H08.00005: Diving into a shear-thickening bath Philippe Bourrianne, Robert E. Cohen, Gareth H. McKinley Shear-thickening fluids, made of suspensions of micro or nanoparticles, react to imposed excitations with a tunable behavior. At low shear-rate, they flow like a Newtonian or weakly shear-thinning liquid, whereas their viscosity rapidly increases following a more rapid perturbation. Due to this enhanced dissipation, shear-thickening fluids are known for their remarkable ability to absorb energy during collisions. When a solid object impacts a bath of shear-thickening fluid, the initial velocity determines the different settling regimes that are observed. We will describe these different regimes with regard to the rheological properties of the shear-thickening liquid and the characteristics of the impacting object. A few surprising observations could be noticed. First, a high velocity is not always the best way to penetrate such suspensions. Under such conditions, an appropriately-shaped fast-moving object can also bounce during the impact due to the shear-thickening behavior. By comparing the deceleration of an object into a viscous Newtonian and a shear-thickening liquid, we will explain the spectacular properties of shear-thickening during a collision. [Preview Abstract] |
Monday, November 25, 2019 9:05AM - 9:18AM |
H08.00006: Dynamic Wetting Failure in Shear-Thinning and Shear-Thickening Liquids Vasileios Charitatos, Wieslaw Suszynski, Marcio Carvalho, Satish Kumar Dynamic wetting failure in shear-thinning and shear-thickening liquids is examined in this work. Flow visualization experiments using a curtain-coating geometry suggest that shear thinning postpones the onset of wetting failure and the resulting air entrainment. To advance fundamental understanding of the underlying physical mechanisms, a hydrodynamic model consisting of liquid displacing air in a rectangular channel in the absence of inertia is developed. Both shear thinning and shear thickening are considered by using Carreau-type models to describe the liquid rheology. Steady-state solutions are calculated using the Galerkin finite-element method and the critical capillary number where wetting failure occurs is identified. Shear thinning is found to postpone the onset of wetting failure whereas shear thickening is found to promote it. The underlying mechanism involves thickening/thinning of the air film as a consequence of shear thinning/thickening of the liquid and the tangential stress balance. [Preview Abstract] |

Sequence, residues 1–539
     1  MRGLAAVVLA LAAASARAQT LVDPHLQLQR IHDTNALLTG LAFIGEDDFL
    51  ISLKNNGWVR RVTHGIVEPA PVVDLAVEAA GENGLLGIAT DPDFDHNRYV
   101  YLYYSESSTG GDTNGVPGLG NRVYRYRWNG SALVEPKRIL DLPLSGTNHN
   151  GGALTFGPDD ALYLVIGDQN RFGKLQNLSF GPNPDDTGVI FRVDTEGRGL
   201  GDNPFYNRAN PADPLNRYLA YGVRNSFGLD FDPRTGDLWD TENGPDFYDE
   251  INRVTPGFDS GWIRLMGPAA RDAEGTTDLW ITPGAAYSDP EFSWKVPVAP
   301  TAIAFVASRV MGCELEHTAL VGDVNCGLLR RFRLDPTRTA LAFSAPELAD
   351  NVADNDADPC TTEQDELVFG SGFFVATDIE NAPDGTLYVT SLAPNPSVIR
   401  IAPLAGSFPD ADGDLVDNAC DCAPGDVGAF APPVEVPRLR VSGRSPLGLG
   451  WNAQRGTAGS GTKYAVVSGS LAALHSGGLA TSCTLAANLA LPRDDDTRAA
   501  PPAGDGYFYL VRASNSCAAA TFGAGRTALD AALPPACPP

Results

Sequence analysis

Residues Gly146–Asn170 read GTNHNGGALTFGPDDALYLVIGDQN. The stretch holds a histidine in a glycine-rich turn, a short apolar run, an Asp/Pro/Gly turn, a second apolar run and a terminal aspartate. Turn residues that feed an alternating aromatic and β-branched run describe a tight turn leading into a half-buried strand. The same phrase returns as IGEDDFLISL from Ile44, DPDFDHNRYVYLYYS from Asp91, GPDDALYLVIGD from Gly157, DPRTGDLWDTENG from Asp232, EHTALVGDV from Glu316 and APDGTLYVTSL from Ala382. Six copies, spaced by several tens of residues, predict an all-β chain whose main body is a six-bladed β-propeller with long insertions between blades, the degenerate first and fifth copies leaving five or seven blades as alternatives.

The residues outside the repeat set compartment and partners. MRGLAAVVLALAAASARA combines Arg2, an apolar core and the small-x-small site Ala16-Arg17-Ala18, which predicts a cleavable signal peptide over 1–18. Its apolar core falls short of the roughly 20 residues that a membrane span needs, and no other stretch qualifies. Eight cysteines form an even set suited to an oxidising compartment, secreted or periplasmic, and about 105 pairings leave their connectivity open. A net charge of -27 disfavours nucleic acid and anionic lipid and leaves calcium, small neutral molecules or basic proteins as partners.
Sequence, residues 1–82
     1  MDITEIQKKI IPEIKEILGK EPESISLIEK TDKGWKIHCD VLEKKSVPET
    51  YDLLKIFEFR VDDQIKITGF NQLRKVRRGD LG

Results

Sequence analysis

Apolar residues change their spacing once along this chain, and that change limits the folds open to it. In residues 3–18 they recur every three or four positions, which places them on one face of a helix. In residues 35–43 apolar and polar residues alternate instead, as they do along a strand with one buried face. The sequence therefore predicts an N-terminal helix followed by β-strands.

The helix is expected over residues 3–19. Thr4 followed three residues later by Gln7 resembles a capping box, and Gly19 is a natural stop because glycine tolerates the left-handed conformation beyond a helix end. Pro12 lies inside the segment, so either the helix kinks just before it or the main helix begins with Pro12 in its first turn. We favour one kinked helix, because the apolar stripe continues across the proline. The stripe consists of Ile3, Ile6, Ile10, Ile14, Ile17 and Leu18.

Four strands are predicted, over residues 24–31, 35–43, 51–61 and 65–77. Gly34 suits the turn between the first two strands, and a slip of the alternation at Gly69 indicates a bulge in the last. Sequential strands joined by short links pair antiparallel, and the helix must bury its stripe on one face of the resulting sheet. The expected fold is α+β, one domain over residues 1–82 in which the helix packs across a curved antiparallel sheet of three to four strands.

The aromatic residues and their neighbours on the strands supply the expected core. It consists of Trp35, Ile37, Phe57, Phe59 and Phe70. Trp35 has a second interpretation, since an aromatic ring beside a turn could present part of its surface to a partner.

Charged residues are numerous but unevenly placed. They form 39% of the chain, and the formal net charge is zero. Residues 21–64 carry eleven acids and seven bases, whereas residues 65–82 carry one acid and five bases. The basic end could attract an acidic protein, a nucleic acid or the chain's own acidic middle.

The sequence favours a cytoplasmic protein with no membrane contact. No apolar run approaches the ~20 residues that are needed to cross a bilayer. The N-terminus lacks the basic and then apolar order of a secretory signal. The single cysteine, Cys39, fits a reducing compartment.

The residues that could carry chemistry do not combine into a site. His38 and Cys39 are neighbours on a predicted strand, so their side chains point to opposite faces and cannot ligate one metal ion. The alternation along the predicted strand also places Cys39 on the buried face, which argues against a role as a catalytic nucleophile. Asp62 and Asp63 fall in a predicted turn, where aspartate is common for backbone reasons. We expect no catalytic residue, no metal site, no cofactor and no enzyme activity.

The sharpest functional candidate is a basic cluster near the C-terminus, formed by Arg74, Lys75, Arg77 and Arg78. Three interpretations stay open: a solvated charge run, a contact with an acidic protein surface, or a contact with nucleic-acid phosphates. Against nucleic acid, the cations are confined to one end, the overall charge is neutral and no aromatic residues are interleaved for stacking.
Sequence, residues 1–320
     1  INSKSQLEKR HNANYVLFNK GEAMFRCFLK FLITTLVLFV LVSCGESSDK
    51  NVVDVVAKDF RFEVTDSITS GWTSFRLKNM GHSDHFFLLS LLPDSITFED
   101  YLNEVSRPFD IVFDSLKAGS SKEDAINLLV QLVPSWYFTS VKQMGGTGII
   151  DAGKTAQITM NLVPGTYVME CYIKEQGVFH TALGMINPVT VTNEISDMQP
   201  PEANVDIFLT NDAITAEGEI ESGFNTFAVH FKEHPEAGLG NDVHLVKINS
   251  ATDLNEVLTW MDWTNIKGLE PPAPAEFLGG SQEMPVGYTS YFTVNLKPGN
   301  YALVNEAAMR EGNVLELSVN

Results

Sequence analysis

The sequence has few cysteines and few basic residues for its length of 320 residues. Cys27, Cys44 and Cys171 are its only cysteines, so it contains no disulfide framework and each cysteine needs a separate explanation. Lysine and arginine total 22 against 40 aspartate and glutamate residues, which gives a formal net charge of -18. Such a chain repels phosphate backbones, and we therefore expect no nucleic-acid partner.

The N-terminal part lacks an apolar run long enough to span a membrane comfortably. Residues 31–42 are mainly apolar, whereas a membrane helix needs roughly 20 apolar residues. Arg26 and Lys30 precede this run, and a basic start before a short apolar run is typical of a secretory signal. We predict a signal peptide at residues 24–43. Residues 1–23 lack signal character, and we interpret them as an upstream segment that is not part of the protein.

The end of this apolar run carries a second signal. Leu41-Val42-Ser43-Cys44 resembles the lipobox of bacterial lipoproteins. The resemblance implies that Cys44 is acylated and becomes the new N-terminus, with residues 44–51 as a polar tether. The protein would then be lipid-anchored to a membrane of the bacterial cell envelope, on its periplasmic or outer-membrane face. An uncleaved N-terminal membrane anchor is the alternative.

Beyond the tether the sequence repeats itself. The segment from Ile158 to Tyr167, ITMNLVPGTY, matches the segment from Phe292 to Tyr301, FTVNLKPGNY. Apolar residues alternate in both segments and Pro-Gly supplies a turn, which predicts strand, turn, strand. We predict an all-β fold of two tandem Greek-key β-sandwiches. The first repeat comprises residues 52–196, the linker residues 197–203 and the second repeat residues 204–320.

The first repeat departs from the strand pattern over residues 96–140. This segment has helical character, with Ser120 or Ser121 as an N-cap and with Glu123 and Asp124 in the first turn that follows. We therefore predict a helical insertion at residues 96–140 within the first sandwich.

Monday, November 25, 2019 9:18AM - 9:31AM |
H08.00007: Enhanced speed of a falling sphere in pseudo-plastic fluid with ultrasound irradiation Minoru Iwamuro, Tomoaki Watamura, Kazuyasu Sugiyama We experimentally investigated the effect of ultrasound irradiation on a falling sphere in pseudo-plastic fluid. The falling velocity is measured via an image processing technique. We performed experiments with parametrizing sphere diameter, fluid properties, ultrasound intensity, and its frequency. We found that the falling speed is enhanced by ultrasound irradiation, and the speeding-up in the stronger pseudo-plastic fluid is much greater than that in the weaker one. We conclude that the speeding-up ratio is relevant to the ratio of the viscosity and length scales involved in the system. [Preview Abstract] |
Monday, November 25, 2019 9:31AM - 9:44AM |
H08.00008: The death of the fluid mechanical sewing machine: viscoelastic effect Bernardo Palacios, Stephen W. Morris, Roberto Zenit In this work we study the fall of a viscous filament onto a moving surface. While the problem has been studied extensively for Newtonian fluids, referred to as the ‘fluid-mechanical sewing machine’, the effects of considering other complex fluids have not been explored to date. We replicate the setup used for Newtonian fluids, issuing a fluid filament from a nozzle from certain vertical distance from a moving substrate to observe it coil and stretch simultaneously. The fluid considered is, instead, a Boger fluid (viscoelastic but with constant viscosity). Our experiments show that, for similar conditions, the coiling instability does not appear if the fluid has sufficient elasticity. In most cases, the fluid mechanical sewing machine effect is not observed. Instead, a largely stable fluid catenary is observed. The shape of the catenary is characterized considering a Deborah number and a dimensionless height. A map of the conditions to kill the fluid mechanical sewing machine effect is presented in terms of these two dimensionless groups. [Preview Abstract] |
Monday, November 25, 2019 9:44AM - 9:57AM |